Lake Effect essayist Kirsten Wisniewski had a unique view of the Brexit fallout. The Milwaukee native, who has been teaching in Austria for two years, found herself in the UK in the days following the historic vote, and found herself trying to understand it:
I never feel more American than when I’m in the UK. In my normal life in Austria I manage to fly under the radar - if someone notes that I am not originally from the region they generally guess somewhere other than America. Sometimes it’s Germany, sometimes it’s Switzerland, sometimes it’s Sweden. Once I was asked if I was French. It’s confusing for everyone.
Here though, it’s pretty obvious. Because my British accent impersonation is limited to really just “‘ello govna!” I’m not fooling anyone. Outside of Austria, however, the UK is where I have spent the most time over the past two years. I have spent more time in England and Wales during this period than in America, and this week I’m in Wales for a wedding. The amazing family I come to visit here lives on a very cool farm in Monmouthshire, a county bordering England. While we’ve still managed to get in the usual farm conversations about poultry houses and whether to power wash the stables for the wedding, there has also been a lot of talk about the Brexit. We are a “Remain” household here, so the results were a bit of a blow.
I landed in London 2 days after the vote. Because my British friends are not a random sampling of everyone from the UK, many are young and educated and they tend to be fairly pro-Europe, I was pretty surprised. But so, seemingly, were the British. Nearly every hour I have clocked in the farmhouse kitchen working on wedding cake related projects, has brought some radio story about a British person either being surprised that the vote passed, regretting voting “Leave,” or a combination of the two.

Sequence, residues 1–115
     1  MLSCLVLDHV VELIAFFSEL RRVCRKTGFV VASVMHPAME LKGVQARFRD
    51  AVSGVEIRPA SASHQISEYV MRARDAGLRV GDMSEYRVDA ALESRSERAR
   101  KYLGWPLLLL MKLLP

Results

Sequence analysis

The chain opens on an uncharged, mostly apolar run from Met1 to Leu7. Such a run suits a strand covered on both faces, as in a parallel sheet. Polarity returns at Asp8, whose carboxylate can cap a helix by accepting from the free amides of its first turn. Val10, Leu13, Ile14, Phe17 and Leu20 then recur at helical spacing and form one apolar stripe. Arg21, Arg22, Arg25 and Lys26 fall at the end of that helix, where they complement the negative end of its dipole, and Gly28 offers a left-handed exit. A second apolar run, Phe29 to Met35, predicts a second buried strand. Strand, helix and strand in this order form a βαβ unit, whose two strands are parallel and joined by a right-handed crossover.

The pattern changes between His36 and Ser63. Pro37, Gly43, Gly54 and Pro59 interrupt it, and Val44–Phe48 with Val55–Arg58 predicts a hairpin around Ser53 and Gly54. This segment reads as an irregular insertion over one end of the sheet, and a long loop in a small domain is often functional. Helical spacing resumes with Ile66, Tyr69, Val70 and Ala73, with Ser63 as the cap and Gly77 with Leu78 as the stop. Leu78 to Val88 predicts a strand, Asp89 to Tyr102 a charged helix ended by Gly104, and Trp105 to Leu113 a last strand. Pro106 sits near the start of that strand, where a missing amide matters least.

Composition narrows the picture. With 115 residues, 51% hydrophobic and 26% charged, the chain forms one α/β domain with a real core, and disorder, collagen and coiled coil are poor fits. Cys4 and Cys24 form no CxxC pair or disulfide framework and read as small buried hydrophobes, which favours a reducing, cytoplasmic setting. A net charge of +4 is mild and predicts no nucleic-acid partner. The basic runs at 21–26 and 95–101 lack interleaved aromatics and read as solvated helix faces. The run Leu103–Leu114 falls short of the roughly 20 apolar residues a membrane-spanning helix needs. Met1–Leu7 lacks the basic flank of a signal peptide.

That’s the part that gets me.
There are many people who voted “Leave” and are content with their vote. That’s a boring story, though, so we never hear about them. BBC has standards. But the fact that there are people out there who vote for things that they might not actually believe is the right choice, is deeply troubling. One woman said it felt like a protest vote. Like if enough people voted “Leave” it would make a point to the government, but no one expected that it would actually get a majority. It was like a game of political chicken, and now British people working and studying in the EU are worried about their visa status.
At the wedding I had several people ask me about Donald Trump. This is not new. The past year of my life has been spent answering questions about him. I think it’s an unfortunate part of living abroad for all Americans right now. Austrians, interestingly, seem to find him hilarious more than worrying. Maybe it’s the hair. But last night’s line of questioning was different. There seemed to be a warning element to those conversations. While Scotland voted overwhelmingly to remain, Wales was a mix. Monmouthshire voted to remain, narrowly. Talking with the family and with their friends at the wedding, it is as though the vote was a reality check. First, to the people who voted in protest, that votes have consequences. Second, for everyone else, you may not be able to count on your countrymen to do what is expected or predicted. So while 9 months ago my students had questions about the wall that Mexico will pay for, this time people asked what I thought the longer term impact would be of a Trump presidency, what the Brexit plus Trump would do to the US and Europe. Some people simply asked, “Do you think it’s possible?” Everyone included the warning, “we didn’t think this could happen, either.” Several people apologized for criticizing America about Trump early on, saying that now the UK was no better.